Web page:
It’s becoming cliché to say it’s trivial to pop a small office or home router. Vendors are making it easy, since most are interested in cramming features such as print, file and media servers into these boxes and less so on basic security measures. Therefore, it sometimes helps to illustrate the triviality of popping a home router.
Take Tripwire security researcher Craig Young, the big winner at last week’s SOHOpelessly Broken contest at DEF CON, for instance. With a presentation to prepare, and under the illusion that others would find bugs as relatively quickly as he was, Young decided not to put more than a handful of hours in over the course of two nights.
Yet Young and colleague Ian Turner walked away with top honors in the event with nine different zero-days in Asus, Netgear, DLink, Belkin and Linksys routers that were eligible in the contest put on by Independent Security Evaluators. In all, 15 zero days were disclosed during the contest, including seven full router compromises and one exploit that could lead to corruption of an internal network, organizers said.
“Tripwire ordered most of the routers on the list, yet we found that several were [version two] of the hardware and did not support the firmware in the contest. We found more vulnerabilities that applied to V2 that were not in V1,” Young said. “It was interesting they went from something that was more secure to less secure. They introduced a diagnostic functionality in version two that made for a backdoor big enough to drive a truck through.”
The seven full router compromises were performed against the ASUS RT-AC66U, the Netgear Centria WNDR4700 (which suffered two separate hacks), the Belkin N900, the TRENDnet TEW-812DRU and a router made by Actiontec Electronics and provided by Verizon Communications to its subscribers, ISE Executive Partner Ted Harrington said.
“The biggest message from the contest is that a lot of the exploits that can be used in the latest versions are similar if not the same as exploits disclosed by other researchers including ISE a year ago, and router vendors have been unresponsive to issues,” Young said.
Young said the routers largely lacked any form of authentication happening on the server, instead the routers were doing password authentication on the browser. Compromising password hashes weren’t much a barrier for the contestants, and for hackers in the wild as well.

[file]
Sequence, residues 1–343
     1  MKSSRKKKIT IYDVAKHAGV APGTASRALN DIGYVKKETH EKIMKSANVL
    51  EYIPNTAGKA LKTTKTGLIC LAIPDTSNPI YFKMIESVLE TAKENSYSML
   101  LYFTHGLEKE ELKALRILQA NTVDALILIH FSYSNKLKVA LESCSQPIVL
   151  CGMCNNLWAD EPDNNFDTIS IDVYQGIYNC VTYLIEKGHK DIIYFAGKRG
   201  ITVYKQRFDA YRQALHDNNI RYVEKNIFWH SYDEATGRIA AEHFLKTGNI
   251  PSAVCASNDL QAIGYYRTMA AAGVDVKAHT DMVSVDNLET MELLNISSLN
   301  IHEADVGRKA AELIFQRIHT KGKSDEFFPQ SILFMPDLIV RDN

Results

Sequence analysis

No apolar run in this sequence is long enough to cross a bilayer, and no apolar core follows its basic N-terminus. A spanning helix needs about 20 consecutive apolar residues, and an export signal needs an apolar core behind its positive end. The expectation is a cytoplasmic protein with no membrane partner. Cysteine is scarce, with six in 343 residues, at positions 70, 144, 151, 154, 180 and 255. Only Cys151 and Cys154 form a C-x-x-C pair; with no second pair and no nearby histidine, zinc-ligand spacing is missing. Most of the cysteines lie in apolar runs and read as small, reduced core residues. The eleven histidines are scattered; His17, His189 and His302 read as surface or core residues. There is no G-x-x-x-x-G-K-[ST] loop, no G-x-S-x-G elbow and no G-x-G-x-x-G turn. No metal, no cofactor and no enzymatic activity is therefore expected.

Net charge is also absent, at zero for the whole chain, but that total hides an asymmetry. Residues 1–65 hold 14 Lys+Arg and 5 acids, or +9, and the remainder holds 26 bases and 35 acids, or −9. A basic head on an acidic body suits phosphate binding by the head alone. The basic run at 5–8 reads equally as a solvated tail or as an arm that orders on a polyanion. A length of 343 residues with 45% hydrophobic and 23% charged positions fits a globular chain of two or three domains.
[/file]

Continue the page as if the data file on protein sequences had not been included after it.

“Far and away, I saw that several brands of the routers use the same base firmware and have common errors across them,” Young said. “I used a cookie-cutter formula to get them.”
Young said he would download the firmware from the respective vendor, extract it using tools such as Firmware Mod Kit to explore its design and eventually learn which files house administrative passwords and how the web server logic works with the router. Some models such as Netgear, TrendNet and others will return the password when submitted with the proper request.
All of this puts home and small office at risk to DNS traffic redirection attacks, or other attacks that put credentials and other data moving through the gateway at risk. Vendors, meanwhile, are slow or sloppy at patching vulnerabilities. Young said in addition to zero days he disclosed to some vendors, others bugs that have been disclosed in the patch are fixed only on the particular versions on which they were found and still linger in older or later versions.
“We’re seeing more routers with media servers in them and open source print and file servers that introduce new vulnerabilities,” Young said. “It might be OK software, but in some cases, it was written as a proof-of-concept and then because the company wants to ship it as quickly as possible, they will integrate it within the product without a security lifecycle behind it.”
Enterprise-grade routers, meanwhile, not only sell for a lot more money than a $100 home router, but there are large development teams behind them at the Ciscos and Junipers of the world making code reliable and hardening web servers.
“They’re taking security seriously. There’s more of a profit margin and reputations on the line,”? Young said. “While the consumer market, there’s lower price margins and more of a competition to get features in the product.”
Some small office and home routers are starting to be shipped with automatic update checkers that can be enabled during installation. But, Young said, few routers sign their firmware meaning that attackers could figure out how to replace existing firmware with a modified firmware that could trick the router into thinking that it’s always up to date, for example.
“If you could poison and hijack those connections to the vendor update sites, you could compromise updates,” Young said.